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Be SMART, set goals

calendar08 May 2016

Kathy Freeman's avatar Kathy Freeman

Be SMART, set goals

What is it you really want to do? Many of us know what our dream job would be but have no idea how to make it a reality. Thinking about it can be incredibly overwhelming and can leave you seriously doubting your abilities.

There will have been times during her training, when Jessica Ennis felt the same but her sheer determination and ability to set herself goals led her to achieving gold in the 2012 London Olympics. Setting yourself a series of realistic, achievable goals will help you get to where you want to be.

A toddler learns to walk with one step at a time – achieving your dream is no different. Set yourself tasks every week and push yourself to complete them. Whether it’s researching the field you’d like to work in, or beginning to fill in a few application forms, making sure you have constant goals to complete will bring you one step closer to achieving your ambitions.

Think ‘SMART’ when setting your goals; Specific, Measurable, Achievable, Relevant, Time-bound, that is. It will help you get focused and you are much more likely to achieve with these factors in mind. Unless you have a superhuman ability to remain constantly enthused, the chances are you will find it hard to stay motivated at all times.

Unfortunately, most of the time motivation must be pursued and it’s up to you to get inspired. Whether it’s finding quotes from business entrepreneurs such as Sir Alan Sugar, or researching stats to inspire you to help the causes you’re passionate about, there are many ways to seek motivation.

No matter what field you want to work in, the likelihood is you’ll have to start from the bottom. Be realistic – don’t expect to dive straight into your dream job. Whether it’s putting in a few volunteer hours at the animal shelter you’d love to someday manage, or getting a job which will simply help you gain enough money to start your own business, it’s important to focus on that long-term goal. Looking ahead will help you remain positive and bring more enjoyment to what you’re doing.

If you struggle to set goals, aren’t sure what field you’d like to work in or even where to begin looking for jobs, don’t worry. You’re not alone. Finding the right job isn’t easy, and can be a daunting process but CAP Job Clubs are here to help. They will teach you vital skills whether it’s building confidence or communicating with employers. Meeting in small groups, CAP Job Clubs will support and encourage you as your search for employment begins.

For more information check out or to book your place call 0800 328 0006.

Written by Kimberley Taylor

Budget recipe binder: Mushroom Stroganoff

calendar15 April 2016

Gemma Pask's avatar Gemma Pask

Budget recipe binder: Mushroom Stroganoff

From what I’ve heard, this is a bit of a ‘Marmite’ dish. When I told my sister recently that I eat it once a week at least, she was glad to be sitting down. ‘It’s the worst!’ she told me in no uncertain terms. Don’t sugar-coat, will you, sis? Still, it’s a super easy, super inexpensive and super healthy recipe, so it’s worth giving it a try and deciding whether you’re in my mad-about-mushrooms team or my anti-strog sister’s!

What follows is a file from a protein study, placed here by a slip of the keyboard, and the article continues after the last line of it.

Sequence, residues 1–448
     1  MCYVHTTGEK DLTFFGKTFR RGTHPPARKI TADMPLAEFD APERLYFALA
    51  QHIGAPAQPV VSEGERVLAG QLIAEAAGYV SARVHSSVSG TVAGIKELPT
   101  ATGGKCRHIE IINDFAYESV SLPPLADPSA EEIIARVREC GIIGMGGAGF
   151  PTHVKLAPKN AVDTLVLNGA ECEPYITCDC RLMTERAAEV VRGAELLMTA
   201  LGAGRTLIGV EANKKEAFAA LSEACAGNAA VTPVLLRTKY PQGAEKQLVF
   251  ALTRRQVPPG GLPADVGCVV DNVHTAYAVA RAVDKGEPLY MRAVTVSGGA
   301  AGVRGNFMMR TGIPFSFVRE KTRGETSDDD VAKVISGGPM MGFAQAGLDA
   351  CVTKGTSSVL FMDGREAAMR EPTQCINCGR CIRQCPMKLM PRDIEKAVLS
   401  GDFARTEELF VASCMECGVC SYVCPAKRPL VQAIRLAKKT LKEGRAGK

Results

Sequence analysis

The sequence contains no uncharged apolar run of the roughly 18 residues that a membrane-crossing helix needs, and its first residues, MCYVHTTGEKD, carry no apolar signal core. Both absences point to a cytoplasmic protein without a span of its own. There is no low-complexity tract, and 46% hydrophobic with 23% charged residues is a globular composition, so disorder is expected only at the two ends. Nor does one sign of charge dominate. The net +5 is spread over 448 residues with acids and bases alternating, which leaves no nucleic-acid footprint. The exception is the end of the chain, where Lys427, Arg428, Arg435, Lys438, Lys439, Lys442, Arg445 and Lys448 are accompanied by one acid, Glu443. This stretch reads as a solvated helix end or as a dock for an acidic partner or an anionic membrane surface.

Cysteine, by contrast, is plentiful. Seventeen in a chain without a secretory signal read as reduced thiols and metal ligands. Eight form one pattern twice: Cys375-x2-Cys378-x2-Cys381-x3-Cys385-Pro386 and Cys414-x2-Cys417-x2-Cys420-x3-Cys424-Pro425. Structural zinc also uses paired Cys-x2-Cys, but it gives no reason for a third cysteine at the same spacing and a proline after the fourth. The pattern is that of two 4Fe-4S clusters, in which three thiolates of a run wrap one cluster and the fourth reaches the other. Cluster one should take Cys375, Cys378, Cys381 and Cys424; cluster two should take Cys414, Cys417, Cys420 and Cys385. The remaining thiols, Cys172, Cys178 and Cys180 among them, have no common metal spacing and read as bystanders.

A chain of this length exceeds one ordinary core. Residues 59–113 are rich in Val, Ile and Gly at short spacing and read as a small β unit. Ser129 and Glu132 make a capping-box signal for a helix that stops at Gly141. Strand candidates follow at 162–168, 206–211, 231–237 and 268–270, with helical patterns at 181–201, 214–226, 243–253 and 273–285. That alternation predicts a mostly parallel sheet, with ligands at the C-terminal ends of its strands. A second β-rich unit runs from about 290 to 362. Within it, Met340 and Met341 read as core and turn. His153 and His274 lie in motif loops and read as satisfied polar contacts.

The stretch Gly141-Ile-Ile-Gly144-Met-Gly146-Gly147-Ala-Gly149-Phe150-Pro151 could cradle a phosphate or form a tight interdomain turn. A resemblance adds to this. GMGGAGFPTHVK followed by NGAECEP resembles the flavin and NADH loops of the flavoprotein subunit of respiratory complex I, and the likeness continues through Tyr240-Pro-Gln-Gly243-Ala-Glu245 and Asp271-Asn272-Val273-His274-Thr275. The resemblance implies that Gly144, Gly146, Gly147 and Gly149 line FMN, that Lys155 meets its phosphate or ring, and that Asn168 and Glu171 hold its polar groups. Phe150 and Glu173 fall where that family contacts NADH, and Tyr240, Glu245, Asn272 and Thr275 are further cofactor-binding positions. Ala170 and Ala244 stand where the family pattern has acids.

Preparation time: 5 mins
Cooking time: 10 mins
Serves: 4
Total cost: £3.50*


Oil (to fry)
1 large onion
300g closed cup white mushrooms
1 orange or red pepper
Water (boiled in kettle)
2 vegetable stock cubes
Sprinkle of tarragon
300g low fat crème fraîche

To serve:
120g cous cous (uncooked weight)


1. Wash and quarter the mushrooms, then wash the pepper and chop, getting rid of the pips. Finely chop the onion.
2. Put the dry cous cous in a bowl and cover with water from the kettle (approx. 150ml). Cover the bowl with a plate or cling film and set aside.
3. Fry the onions and the pepper until soft, add the mushrooms and fry until they reduce to about half the size (you might need to add a splash more oil, but not too much as mushrooms tend to soak up liquid initially and then let it all back out again).
4. Pour in enough water to just cover the contents of the pan. Stir in the stock cubes and tarragon.
5. Bring to the boil for 5 minutes. You want the water to reduce slightly – but keep an eye on it and don’t let it boil dry.
6. Remove the pan from the heat and stir in the crème fraîche.
7. Use a fork to fluff the cous cous and serve in bowls.

Tip: Add 300g Quorn Chicken-Style Pieces at stage 3 and brown slightly before adding the water. The Quorn will soak up the flavor of the mushrooms and stock – a delicious way to add some protein to this dish. (Total cost with Quorn: £5.17*)

*Prices from Tesco, correct at time of publishing

A record breaking March

calendar06 April 2016

Joseph Allison's avatar Joseph Allison

A record breaking March

This March has been our busiest ever for people calling in for debt help, breaking every record we’ve ever had in 20 years.

On March 21, our New Enquiries Team at CAP received 252 calls - the most calls we’ve had in a single day, since CAP started. 2016 looks to be busy. In fact, we’ve already had six record-breaking days so far this year!

This is both sad and encouraging news to hear because the more people who call us, the more we can help. We know that ringing for debt help isn’t easy and takes a lot of courage. Many people wait because they feel embarrassed or simply don’t know about us. Some waited up to three years before calling, thinking they could sort their finances out themselves.  However, so much need is a worrying sign.